A surge in apartment conversions, which doubled last year, is likely to intensify as a glut of underused old office buildings in large cities become targets for redevelopment.
A perfect storm of market conditions—including a shortage of multifamily housing, high rents and downsizing offices—combined with a massive inventory of aging, underused buildings in America’s largest cities are expected to turbocharge adaptive reuse this year.
Apartment conversions doubled last year, to more than 20,000 units, with more than a third of the adaptive reuse projects involving old office buildings, according to data firm Yardi Matrix. The hottest markets for adaptive reuse were in Philadelphia, Washington DC, Cleveland and Chicago.
A new market for apartment conversion developed in Detroit last year, Yardi Matrix reported. Motown, which had no conversions in 2020, converted 874 units in 2021.
Apartment conversions in 2019 and 2020 topped out at less than 12,000 in each year before surging to 20.122 units last year.
Hotel redevelopments have outpaced office building conversions during the pandemic as the hospitality industry collapsed, but that balance will likely shift as the pandemic ebbs, as more people start traveling while a significant portion of the workforce stays home.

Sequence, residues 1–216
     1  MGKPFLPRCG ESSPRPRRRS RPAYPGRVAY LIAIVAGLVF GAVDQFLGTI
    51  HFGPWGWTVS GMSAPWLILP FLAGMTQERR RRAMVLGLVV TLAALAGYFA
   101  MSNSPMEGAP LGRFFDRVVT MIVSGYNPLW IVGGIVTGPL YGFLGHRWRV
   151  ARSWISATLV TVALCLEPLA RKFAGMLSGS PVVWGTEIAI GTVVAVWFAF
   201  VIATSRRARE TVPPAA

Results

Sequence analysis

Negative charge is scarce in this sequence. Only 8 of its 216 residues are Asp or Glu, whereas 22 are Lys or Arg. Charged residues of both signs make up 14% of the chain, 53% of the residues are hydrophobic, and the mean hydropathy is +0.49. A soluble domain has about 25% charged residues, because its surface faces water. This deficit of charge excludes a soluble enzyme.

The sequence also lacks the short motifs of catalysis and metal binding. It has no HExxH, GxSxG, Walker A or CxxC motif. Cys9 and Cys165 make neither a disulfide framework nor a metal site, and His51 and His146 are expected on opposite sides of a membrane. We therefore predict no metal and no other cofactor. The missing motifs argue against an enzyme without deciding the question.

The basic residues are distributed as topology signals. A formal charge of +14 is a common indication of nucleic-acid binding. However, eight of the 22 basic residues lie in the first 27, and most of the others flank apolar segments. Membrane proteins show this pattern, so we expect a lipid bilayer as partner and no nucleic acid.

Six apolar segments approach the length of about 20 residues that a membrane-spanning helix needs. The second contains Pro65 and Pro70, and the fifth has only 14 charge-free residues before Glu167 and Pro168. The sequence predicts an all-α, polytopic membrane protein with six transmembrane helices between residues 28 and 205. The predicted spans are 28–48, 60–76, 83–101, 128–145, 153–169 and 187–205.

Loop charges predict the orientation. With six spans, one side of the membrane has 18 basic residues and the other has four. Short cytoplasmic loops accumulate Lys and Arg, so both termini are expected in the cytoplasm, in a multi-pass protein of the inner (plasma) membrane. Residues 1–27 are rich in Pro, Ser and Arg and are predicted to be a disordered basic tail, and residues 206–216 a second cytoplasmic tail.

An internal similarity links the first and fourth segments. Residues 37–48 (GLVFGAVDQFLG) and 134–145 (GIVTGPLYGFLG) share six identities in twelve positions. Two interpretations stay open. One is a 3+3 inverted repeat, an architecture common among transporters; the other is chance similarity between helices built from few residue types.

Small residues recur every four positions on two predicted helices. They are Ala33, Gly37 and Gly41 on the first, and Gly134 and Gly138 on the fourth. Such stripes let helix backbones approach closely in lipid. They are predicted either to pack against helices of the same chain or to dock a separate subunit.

With a massive surplus of outdated office buildings in some of the largest cities in the US and companies downsizing offices as up to a third of the workforce resists returning to offices, conditions are ripe for a steady stream of adaptive reuse projects this year.
According to JLL, more than three-quarters of the office space in New York, San Francisco and Chicago is more than 30 years old, while office occupancy rates remain low in major cities. As more and more companies are making remote work a permanent part of their corporate culture, they’re also downsizing offices and cutting their real estate costs.
In New York, the trend toward adaptive reuse of old buildings into apartments predated the pandemic, as several office buildings in lower Manhattan that were nearly a century old were converted into residential buildings in the financial district.
Adapting an old building into apartments rather than building new multifamily housing can be cost-effective, with renovations in some cases costing up to 40 percent less than new construction for the same number of units, according to a report in RentCafe, which has projected that more than 52,700 converted units are expected to become available this year.